Mexican Bishops Call to Protect “Migrants Caravan”

Geneva, 25 October 2018 - An agency of the Mexican Episcopal Conference called on government agencies to protect people marching in the “migrants caravan” currently headed to the U.S. border.

In a letter addressed to Mexican federal government agencies, Catholic bishops and the public at large, the Human Mobility area of the Mexican Episcopal Conference called on them to “protect” the caravan participants, “among whom there are boys and girls, women, families, youth, and adults.”

Members of the migrant caravan at the Guatemala-Mexico border. © UNHCR/Julio LópezMembers of the migrant caravan at the Guatemala-Mexico border. ©UNHCR/Julio López The large group of migrants departed from San Pedro Sula in Honduras in mid-October and is heading for the United States through Guatemala and Mexico. The group, which is growing along the way, is known as the “migrants caravan.” The United Nations has estimated that 7,000 people had joined the caravan by 22 October.

Most migrants questioned on the reasons they joined said that they are seeking a better life in the U.S. or Mexico. Others said that they are fleeing gang violence and plan to request asylum upon arrival. They feel that traveling in large numbers provides safety from criminal gangs and traffickers.

“We insist on seeking a joint action,” the Mexican Bishops’ letter states, “to welcome and protect our migrant brothers, especially to ensure that they do not fall into the hands of people who, without scruples, take advantage of them in many ways: trafficking in persons, labor slavery,” or people smuggling.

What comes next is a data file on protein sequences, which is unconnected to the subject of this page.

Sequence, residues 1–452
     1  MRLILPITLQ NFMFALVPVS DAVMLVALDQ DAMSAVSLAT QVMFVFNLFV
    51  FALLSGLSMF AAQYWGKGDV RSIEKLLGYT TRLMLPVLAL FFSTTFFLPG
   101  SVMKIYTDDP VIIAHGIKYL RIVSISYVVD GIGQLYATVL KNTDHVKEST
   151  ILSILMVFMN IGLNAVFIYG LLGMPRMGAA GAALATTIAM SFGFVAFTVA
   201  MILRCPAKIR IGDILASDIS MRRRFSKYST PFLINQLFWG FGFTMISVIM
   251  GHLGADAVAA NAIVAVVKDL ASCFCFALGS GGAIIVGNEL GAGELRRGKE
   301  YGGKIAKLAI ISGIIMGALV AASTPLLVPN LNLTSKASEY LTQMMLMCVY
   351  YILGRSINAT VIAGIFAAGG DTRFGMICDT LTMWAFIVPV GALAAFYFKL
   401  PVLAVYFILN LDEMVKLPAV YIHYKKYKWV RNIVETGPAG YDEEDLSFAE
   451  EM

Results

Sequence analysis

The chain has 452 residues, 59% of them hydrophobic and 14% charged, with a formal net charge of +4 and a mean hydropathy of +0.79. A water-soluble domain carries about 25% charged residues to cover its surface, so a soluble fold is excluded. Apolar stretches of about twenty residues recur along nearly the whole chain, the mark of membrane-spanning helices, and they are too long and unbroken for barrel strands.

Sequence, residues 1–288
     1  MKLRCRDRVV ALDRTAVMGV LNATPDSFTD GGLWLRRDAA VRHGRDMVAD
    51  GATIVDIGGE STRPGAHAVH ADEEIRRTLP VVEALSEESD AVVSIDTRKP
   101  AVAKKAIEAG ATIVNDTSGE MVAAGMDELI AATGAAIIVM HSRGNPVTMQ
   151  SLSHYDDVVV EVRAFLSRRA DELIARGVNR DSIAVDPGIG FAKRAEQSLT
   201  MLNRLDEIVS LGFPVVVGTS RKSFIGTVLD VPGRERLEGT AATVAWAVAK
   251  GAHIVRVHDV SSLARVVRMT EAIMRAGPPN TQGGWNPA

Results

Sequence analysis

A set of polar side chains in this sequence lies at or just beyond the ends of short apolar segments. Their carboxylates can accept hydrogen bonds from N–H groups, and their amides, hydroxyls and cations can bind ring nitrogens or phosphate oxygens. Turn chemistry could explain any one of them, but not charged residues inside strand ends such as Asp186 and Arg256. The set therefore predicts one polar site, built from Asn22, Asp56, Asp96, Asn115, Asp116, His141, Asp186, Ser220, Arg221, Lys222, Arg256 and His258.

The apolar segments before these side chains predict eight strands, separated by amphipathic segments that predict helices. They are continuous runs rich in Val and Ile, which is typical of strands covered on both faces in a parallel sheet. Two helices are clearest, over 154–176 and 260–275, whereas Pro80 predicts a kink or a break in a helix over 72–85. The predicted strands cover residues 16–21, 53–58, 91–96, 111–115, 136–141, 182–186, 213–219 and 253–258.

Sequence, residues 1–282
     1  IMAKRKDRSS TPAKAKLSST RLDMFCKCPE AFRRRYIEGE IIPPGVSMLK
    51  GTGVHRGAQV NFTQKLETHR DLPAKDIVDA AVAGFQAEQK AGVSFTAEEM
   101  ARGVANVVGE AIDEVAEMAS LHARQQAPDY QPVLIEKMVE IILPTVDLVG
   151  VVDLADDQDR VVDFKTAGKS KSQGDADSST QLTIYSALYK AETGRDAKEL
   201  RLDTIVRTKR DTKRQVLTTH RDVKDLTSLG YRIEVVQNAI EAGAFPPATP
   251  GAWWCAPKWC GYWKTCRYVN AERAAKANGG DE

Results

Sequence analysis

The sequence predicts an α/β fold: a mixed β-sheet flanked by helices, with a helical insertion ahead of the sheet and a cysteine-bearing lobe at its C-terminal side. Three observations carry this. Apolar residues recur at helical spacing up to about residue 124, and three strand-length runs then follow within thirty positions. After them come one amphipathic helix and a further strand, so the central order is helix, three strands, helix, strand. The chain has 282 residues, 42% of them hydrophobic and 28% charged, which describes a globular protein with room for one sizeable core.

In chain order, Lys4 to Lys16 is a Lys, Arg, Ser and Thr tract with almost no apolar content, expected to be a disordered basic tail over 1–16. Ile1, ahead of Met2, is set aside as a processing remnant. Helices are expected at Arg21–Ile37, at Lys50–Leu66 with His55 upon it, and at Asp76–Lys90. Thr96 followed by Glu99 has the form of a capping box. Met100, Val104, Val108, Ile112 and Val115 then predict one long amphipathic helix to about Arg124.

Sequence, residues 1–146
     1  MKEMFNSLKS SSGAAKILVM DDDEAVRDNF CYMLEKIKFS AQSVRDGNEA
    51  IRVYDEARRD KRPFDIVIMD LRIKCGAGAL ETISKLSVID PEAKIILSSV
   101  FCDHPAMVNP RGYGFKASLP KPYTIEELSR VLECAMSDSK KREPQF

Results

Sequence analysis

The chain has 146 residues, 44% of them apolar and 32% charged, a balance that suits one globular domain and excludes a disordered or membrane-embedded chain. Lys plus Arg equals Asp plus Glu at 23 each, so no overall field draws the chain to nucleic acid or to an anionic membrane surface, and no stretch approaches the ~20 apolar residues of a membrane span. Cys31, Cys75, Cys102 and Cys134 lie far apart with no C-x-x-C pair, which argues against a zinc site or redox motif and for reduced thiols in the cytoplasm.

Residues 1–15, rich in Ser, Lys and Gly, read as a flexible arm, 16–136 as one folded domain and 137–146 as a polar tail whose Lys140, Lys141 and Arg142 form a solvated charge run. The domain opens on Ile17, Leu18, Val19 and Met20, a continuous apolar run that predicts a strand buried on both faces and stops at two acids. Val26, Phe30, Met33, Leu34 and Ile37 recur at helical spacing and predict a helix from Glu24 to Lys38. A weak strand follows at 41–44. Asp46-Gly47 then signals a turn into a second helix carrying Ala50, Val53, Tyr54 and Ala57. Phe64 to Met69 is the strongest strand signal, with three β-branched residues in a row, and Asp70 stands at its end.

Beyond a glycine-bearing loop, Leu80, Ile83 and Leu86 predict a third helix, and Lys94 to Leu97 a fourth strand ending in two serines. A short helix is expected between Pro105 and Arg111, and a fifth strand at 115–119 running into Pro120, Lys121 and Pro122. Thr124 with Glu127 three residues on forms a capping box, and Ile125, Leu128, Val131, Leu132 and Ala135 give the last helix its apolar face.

Signed by Bishop Guillermo Ortiz Mondragón, head of the Human Mobility area and a member of the International Catholic Migration Commission Governing Committee, the letter calls on authorities to apply the Mexican Migration Law “even in the face of unexpected events” like the forming of the caravan.

The letter acknowledges that the exact number of people marching is unknown and warns that they may arrive at parishes that are not prepared to take care of them. The Human Mobility area is coordinating pastoral attention and accompaniment, implemented by 133 shelters and Catholic Church centers in Mexico.

In an interview with Vatican News, Bishop Joe Vásquez, Chairman of the US Bishops’ Conference Committee on Migration, echoed the Mexican Bishops’ encouragement to Church members and all people of good will to protect those traveling with the caravan, while remaining mindful that migration should be approached in a legal and orderly matter.

“The first priority is to take care of those people that are traveling […] Many are leaving very terrible situations of violence, of poverty, of corruption, many of them are escaping from those terrible conditions, and they simply seek to take care of their families and to be able to provide for them. […] They have the right to leave those terrible conditions. Of course, countries also have the right to monitor and take care of their borders and find security,” he said.

Honduras, Guatemala and El Salvador, the home countries of the majority of those who have joined the caravan, consistently rank among the most violent countries in the world. Gang violence, homicide and extortion are rampant. The past years have seen an increase in the numbers of people from these countries fleeing to neighboring countries and to the United States.

In a separate statement, the Human Mobility area commended the Catholic dioceses of Tapachula and San Cristóbal de Las Casas as well as other religious communities, governmental and civil society organizations which “have implemented actions to favor our brothers and sisters on the path of their displacement.”

The “migrants caravan” is capturing a large amount of media attention on both sides of the border.

The U.S. government announced that it will discontinue or reduce foreign aid to Guatemala, Honduras and El Salvador on the grounds that their governments did not stop the caravan, which is traveling through Mexico but is still far from the U.S. border.